Health room policies tax nurses and pose risks to students


Feb. 3, 2005, midnight | By John Silberholz | 15 years, 11 months ago


As 5B lunch ends, junior Minh-Phuong Huynh-Le struggles towards room 172. She has been feeling sick all day and when she arrives, Huynh-Le realizes that she is too ill to attend class and asks her teacher to go to the health room, not even thinking to request a pass. One long trek across the school later, she enters the health room, only to be turned away because she lacks the pass required for admission.

Unfortunately for Huynh-Le, the trip back to class and then again to the health room proves to be too much - she faints on the return trip, striking her head sharply against a wall and suffering a concussion, becoming a victim of the health room's "no pass, go back to class" policy.

Unfortunately, the health room pass policy, which requires students to have a signed handbook from their classroom teachers prior to admission to the health room, has caused still more casualties. For example, junior Alex Alm badly cut his arm while playing football during lunch last year. However, he did not have a pass when entering the health room because he was injured during his lunch period. Following policy, the nurse sent Alm - his arm still steadily bleeding - without treatment to his administrator on the other side of the building to get a pass. Alm instead opted to hold paper towels over the three-inch incision until he stopped the blood flow - hardly an adequate treatment for such an injury.

While it is tempting to blame these incidents on the health room staff, the true culprit is the policy that Blair nurses must follow. According to nurse Mazine Lofton, the health room's two staffers see between 600 and 1,000 students each month, many of whom are missing either an ID or a pass. Nurses will treat students without a pass or ID, but only those students who are "legitimately sick"; others are turned away, Lofton says.

This pass policy forces the health room staff to make hundreds of judgment calls each month about whether a student is actually capable of returning to class for a pass or an ID - decisions that they shouldn't have to make. Since the health room's primary concern is treating students, it is always better to avoid one injury like Huynh-Le's than to obsessively prevent students from skipping class.

Not that the policy actually prevents skipping. According to an email sent to all teachers by Assistant Principal Linda Wanner on Dec. 5, teachers are required to release any student who asks to go to the health room - so under the current policy, a student who wants to skip must do is ask a teacher for a pass that they cannot withhold. Since students are logged in and out of the health room, a teacher could still determine if a pupil was actually sick during class or just skipping by checking the record, making passes superfluous.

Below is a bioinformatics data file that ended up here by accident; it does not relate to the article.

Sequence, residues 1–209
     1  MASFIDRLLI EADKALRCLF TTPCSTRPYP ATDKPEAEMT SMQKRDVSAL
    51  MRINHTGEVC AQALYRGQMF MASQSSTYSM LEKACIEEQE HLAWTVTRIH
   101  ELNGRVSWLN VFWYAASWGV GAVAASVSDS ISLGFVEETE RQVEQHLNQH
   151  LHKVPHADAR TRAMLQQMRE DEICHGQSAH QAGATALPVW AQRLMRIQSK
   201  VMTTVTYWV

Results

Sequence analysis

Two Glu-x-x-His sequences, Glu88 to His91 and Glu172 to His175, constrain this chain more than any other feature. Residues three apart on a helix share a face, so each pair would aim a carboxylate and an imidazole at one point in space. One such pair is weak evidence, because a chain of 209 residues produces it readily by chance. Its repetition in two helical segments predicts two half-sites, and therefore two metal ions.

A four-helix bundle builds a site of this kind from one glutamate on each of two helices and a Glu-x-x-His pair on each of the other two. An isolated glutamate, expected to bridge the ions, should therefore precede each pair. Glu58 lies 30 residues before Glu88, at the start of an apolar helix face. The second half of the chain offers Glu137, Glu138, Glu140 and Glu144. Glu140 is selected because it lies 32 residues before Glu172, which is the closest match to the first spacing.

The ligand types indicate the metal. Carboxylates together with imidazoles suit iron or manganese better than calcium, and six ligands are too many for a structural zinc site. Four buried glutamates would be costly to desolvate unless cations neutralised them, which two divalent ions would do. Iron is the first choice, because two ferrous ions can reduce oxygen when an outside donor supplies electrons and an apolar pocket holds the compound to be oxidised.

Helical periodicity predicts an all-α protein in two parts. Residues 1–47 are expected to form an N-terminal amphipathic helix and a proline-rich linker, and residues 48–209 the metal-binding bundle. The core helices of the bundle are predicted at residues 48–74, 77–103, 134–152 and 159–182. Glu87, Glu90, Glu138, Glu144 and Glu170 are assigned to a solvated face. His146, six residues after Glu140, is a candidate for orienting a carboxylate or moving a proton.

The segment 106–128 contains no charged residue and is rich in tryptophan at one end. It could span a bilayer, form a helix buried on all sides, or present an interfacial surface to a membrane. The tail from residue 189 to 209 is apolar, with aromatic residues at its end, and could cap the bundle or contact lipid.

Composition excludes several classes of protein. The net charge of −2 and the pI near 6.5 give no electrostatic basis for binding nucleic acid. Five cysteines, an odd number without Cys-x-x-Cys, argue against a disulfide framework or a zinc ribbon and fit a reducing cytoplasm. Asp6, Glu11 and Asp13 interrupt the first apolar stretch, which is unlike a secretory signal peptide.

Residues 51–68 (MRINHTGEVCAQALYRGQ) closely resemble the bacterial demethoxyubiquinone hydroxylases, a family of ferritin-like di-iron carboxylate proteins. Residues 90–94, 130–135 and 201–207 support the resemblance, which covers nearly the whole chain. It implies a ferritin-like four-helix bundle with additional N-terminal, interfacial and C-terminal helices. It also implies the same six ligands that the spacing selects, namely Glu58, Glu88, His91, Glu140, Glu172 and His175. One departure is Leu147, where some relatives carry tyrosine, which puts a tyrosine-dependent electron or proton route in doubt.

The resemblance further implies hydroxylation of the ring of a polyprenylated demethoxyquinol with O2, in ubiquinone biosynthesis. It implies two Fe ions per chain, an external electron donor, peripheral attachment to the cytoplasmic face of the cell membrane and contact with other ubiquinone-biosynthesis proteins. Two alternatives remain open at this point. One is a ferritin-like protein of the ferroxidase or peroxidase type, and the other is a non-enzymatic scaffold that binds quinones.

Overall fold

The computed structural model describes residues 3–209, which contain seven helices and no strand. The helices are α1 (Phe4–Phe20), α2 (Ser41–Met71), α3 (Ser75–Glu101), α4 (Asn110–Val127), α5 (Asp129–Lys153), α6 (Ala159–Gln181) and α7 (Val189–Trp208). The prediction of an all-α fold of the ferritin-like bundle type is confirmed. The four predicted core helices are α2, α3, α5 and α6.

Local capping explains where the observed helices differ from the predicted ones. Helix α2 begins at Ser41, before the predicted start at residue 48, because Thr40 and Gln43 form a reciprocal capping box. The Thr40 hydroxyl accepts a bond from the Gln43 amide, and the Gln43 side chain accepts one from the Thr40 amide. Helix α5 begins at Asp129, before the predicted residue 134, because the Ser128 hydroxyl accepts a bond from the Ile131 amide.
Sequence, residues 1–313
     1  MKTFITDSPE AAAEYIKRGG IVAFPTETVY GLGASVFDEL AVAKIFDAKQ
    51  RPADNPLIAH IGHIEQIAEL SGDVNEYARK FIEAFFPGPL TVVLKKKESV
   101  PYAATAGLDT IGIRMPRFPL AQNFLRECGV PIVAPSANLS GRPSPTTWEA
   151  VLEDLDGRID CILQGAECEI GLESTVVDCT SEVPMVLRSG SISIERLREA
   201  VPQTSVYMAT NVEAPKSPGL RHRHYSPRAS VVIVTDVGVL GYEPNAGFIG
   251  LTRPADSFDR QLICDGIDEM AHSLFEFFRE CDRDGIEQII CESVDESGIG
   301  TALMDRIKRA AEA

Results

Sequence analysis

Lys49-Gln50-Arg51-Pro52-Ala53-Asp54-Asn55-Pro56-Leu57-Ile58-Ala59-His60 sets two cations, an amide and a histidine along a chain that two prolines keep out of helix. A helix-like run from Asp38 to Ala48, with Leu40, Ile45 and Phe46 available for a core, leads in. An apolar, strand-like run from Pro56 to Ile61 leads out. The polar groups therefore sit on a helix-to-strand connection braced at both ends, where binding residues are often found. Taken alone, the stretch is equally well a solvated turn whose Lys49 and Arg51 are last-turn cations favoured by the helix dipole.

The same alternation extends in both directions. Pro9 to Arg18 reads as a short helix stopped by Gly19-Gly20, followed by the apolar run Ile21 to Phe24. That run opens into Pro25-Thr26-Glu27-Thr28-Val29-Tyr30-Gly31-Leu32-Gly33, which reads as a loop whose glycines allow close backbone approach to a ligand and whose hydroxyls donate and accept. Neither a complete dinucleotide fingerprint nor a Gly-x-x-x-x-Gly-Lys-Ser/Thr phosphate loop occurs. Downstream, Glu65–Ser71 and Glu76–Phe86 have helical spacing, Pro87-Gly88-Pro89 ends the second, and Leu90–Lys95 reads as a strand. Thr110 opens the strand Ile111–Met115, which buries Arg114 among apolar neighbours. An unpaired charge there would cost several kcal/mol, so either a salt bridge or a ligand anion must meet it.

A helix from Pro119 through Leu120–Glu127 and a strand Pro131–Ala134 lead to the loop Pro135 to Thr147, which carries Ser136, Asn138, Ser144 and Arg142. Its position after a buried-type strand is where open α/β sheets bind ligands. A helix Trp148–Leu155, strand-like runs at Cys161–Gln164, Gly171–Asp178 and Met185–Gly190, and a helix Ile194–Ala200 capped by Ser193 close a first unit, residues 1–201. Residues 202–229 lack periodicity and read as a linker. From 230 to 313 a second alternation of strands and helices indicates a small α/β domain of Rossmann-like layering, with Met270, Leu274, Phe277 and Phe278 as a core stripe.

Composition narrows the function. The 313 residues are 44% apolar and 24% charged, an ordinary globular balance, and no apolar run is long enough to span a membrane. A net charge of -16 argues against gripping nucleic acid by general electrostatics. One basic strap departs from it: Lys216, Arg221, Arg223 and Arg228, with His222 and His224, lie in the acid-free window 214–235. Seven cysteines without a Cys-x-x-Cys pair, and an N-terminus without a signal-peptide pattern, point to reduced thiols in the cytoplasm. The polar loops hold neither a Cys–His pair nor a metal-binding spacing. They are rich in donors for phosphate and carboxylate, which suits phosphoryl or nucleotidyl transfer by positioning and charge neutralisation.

Skipping class to the health room is also deterred by the very nature of the student's destination. After all, who but the most desperate want to skip a class period in a room full of coughing, germ-laden teenagers?

However, still greater flaws lie in the pass policy. Requiring students to get a signed handbook from their teacher leaves pupils with no easy entry into the health room if they become ill between classes or during lunch, since they then need to track down an administrator to sign their pass to enter. Searching the school for an administrator is the last thing that Blazers need to do when they are ill, and any policy that forces them to does not have their best interests in mind.

Administrators should ditch not only the health room pass policy but also the health room ID policy that requires students without ID cards to go purchase new ones before receiving treatment. Junior Patrick Mifflin encountered this policy one day last year when he forgot his ID. Becoming increasingly nauseous as the day progressed, Mifflin eventually vomited and then staggered to the health room after getting a pass from his teacher. Instead of receiving treatment or even somewhere to sit, he was left in a line of students waiting for new IDs, struggling with queasiness as he waited for his turn.

According to Lofton, the health room ID policy exists in response to students wearing a friend's ID or no card at all, which hinders verification of a student's identity for logging purposes. This requirement delays the treatment of students like Mifflin, whose illness called for immediate attention. A better policy would be to simply accept students without an ID and send for a new one, which the student would receive before leaving the room. This way, the student's identity could be verified without any delay in their treatment.

The bottom line: Promptly aiding sick students should always take priority in a health room.



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John Silberholz. The Chips PRODMAN (and editoral board member), John enjoys basketball, tennis and biking, looks forward to yet another year on Chips. Among other things, he enjoys climbing trees (even though he has a weird tendancy of falling off of them), biking like crazy, playing basketball, … More »

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